Many models have been proposed as to how we process words on the page in order to understand them. A lot of these models are flawed and don’t incorporate what actually happens when we read, they make a theory that fits there understanding and see if it matches the data – a lot of them don’t.
What happens when we read:
Do we read letters all at once or one by one?
- We tend to read letters all at once which is shown in studies that look into the word length effect. Surely if we read letters one by one longer words would take longer to read. This is not the case, longer words regardless of how frequently they are heard are recognised in the same time.
- Non words do present a length effect but then this is because these words flout our rules in our language and so take longer to recognise the letters in an unrecognisable pattern.
- Another effect happens when we read words and that’s called the neighbourhood effect. It could cause a lengthened Reaction time (RT) as one word may have lots of different similar words that interfere with recognition, this is especially seen in low frequency words. This may be due to more high frequency words being neighbours and so interfering with recognition.
Is there feedback between letters and words to help recognition? If so which way does the feedback flow?
- Words help us recognise letters
- This is seen in studies that present different words to participants like below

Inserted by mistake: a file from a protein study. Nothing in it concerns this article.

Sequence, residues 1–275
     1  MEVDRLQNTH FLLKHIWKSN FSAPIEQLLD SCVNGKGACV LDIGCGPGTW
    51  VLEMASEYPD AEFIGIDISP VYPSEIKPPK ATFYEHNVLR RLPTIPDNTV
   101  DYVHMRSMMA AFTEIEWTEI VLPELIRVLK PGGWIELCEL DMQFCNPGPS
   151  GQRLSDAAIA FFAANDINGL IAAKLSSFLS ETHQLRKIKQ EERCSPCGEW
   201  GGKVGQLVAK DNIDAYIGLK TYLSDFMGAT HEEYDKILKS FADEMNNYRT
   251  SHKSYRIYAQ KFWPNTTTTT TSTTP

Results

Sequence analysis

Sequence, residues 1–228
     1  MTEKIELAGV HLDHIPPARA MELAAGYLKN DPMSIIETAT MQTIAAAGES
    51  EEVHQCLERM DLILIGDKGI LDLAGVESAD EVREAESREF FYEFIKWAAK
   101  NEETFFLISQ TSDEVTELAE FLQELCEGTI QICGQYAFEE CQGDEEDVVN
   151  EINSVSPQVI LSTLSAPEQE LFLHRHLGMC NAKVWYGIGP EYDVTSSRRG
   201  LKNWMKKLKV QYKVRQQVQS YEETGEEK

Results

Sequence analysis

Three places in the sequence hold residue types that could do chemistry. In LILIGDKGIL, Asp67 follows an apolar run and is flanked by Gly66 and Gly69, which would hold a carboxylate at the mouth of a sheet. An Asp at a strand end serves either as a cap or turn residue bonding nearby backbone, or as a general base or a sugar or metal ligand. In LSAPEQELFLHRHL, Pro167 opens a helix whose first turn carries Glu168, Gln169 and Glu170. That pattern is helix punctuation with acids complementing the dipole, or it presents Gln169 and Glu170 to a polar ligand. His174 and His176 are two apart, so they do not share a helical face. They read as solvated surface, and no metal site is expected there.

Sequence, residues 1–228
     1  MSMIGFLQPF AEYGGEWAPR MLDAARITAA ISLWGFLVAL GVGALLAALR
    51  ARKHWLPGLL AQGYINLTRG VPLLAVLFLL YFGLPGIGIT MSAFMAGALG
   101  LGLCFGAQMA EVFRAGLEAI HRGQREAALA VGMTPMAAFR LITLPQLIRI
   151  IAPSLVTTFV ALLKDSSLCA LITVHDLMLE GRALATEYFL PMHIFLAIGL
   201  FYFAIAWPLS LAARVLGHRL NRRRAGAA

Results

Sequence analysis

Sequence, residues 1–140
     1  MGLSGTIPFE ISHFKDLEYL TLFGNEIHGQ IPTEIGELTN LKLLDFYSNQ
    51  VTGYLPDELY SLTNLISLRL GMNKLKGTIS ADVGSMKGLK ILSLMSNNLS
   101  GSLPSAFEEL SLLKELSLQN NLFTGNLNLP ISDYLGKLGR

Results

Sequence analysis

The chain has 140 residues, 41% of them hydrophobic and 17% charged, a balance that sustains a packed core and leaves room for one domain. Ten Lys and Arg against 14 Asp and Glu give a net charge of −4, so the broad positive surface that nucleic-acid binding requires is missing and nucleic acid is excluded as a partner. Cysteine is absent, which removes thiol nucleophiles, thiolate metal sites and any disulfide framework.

- K/d (single letter condition)
- Participants were asked to say when they saw the letter D
- They were quickest to detect this letter when it was presented in ‘word’
- Slowest when presented on its own
- This shows there seems to be a context effect enabling us to recognise letters faster in words.
Do we get better at recognition the more we are exposed to a word?
- To measure this a Lexical decision task helps us to see how word is processed and therefore the effect on recognition.
- More errors are made when we rank words by absolute frequency and less in ranked situations
- Ranked tasks display our recognition features so this is how we rank words in our mind for recognition
- Repetition priming also shows that high frequency words are recognised easier than those we see less often
- Somewhere in our minds it seems we have a bank for words that are seen more often and we draw upon this to detect it later (backs up that words help recognition of letters)
What do we look out for in recognition?
- Syllables? – used through colours and testing an/vil or anv/il more mistakes made on second option
- Morpheme? – different letters were used as primes t/ tea/ teasp better identification with tea as prime (not with teasp – more letters but less meaning morphologically)
- Associations? – if a prime is the same as a target word then we are easily able to detect this. If the words are associated such as salt/ pepper then recognition is made quicker. This suggests a semantic contextual method involved in reading